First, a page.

If you know how to program, you have the skills to turn data into knowledge, using tools of probability and statistics. This concise introduction shows you how to perform statistical analysis computationally, rather than mathematically, with programs written in Python.
By working with a single case study throughout this thoroughly revised book, you’ll learn the entire process of exploratory data analysis—from collecting data and generating statistics to identifying patterns and testing hypotheses. You’ll explore distributions, rules of probability, visualization, and many other tools and concepts.
New chapters on regression, time series analysis, survival analysis, and analytic methods will enrich your discoveries.
Develop an understanding of probability and statistics by writing and testing code
Run experiments to test statistical behavior, such as generating samples from several distributions
Use simulations to understand concepts that are hard to grasp mathematically
Import data from most sources with Python, rather than rely on data that’s cleaned and formatted for statistics tools
Use statistical inference to answer questions about real-world data
Allen Downey is an Associate Professor of Computer Science at the Olin College of Engineering. He has taught computer science at Wellesley College, Colby College and U.C. Berkeley. He has a Ph.D. in Computer Science from U.C. Berkeley and Master’s and Bachelor’s degrees from MIT.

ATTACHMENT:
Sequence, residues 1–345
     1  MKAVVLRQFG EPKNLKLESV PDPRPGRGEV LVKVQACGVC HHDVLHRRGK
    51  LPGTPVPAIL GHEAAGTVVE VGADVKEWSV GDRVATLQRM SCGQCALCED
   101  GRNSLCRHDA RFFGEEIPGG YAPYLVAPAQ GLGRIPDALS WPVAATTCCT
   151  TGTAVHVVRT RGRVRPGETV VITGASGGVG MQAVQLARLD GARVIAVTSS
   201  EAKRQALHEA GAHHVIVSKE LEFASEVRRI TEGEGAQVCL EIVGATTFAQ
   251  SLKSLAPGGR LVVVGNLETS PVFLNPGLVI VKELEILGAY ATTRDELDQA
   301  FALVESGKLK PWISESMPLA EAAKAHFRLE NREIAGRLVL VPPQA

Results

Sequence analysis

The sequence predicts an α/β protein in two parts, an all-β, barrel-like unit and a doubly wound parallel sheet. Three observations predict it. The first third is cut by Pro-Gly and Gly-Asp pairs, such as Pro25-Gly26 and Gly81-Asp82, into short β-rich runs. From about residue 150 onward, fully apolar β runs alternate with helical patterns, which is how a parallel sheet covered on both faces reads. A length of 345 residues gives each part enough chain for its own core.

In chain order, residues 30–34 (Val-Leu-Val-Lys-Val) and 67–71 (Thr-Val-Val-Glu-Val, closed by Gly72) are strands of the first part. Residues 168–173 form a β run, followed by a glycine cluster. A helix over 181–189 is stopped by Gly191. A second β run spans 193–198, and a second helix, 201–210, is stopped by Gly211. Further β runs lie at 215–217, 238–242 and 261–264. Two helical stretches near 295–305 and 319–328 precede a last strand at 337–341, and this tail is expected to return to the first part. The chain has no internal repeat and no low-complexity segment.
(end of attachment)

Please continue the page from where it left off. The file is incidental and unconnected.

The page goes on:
The animal on the cover of Think Stats, second edition is an archerfish, or spinner fish (Toxotidae). This family of fish preys on land-based insects and small animals, using their specialized mouths to shoot them down with water droplets. This family consists of seven species, which can be found from India to the Philippines, Australia, and Polynesia.The archerfish has a deep body; the space between the dorsal fin and mouth forms a straight line. The protractile mouth has a lower jaw that juts out. The shape of its mouth lends itself directly to feeding: the narrow groove in the roof of its mouth allows it to squirt a jet of water at its victim by pressing its tongue against the groove and contracting its gills to force the powerful jet of water out, which can travel up to five meters. Archerfish learn how to shoot when they reach 2.5 cm long. Often they are inaccurate at first and hunt in small schools, eventually learning from experience. The archerfish’s eyes are also valuable tools for feeding. It has particularly good eyesight and is able to compensate for light refraction as it passes through the air-water interface when aiming at prey. Once it spots its prey, the archerfish rotates its eye so the image of the prey falls on a particular portion of the eye. Often, the archerfish will leap out of the water to grab the insect in its mouth, if within reach. Archerfish are usually small, at 5?10 cm, but can grow up to 40 cm long. Archerfish are popular aquarium fish. Many of the animals on O'Reilly covers are endangered; all of them are important to the world. To learn more about how you can help, go to animals.oreilly.com.The cover image is from Dover. The cover fonts are URW Typewriter and Guardian Sans. The text font is Adobe Minion Pro; the heading font is Adobe Myriad Condensed; and the code font is Dalton Maag's Ubuntu Mono.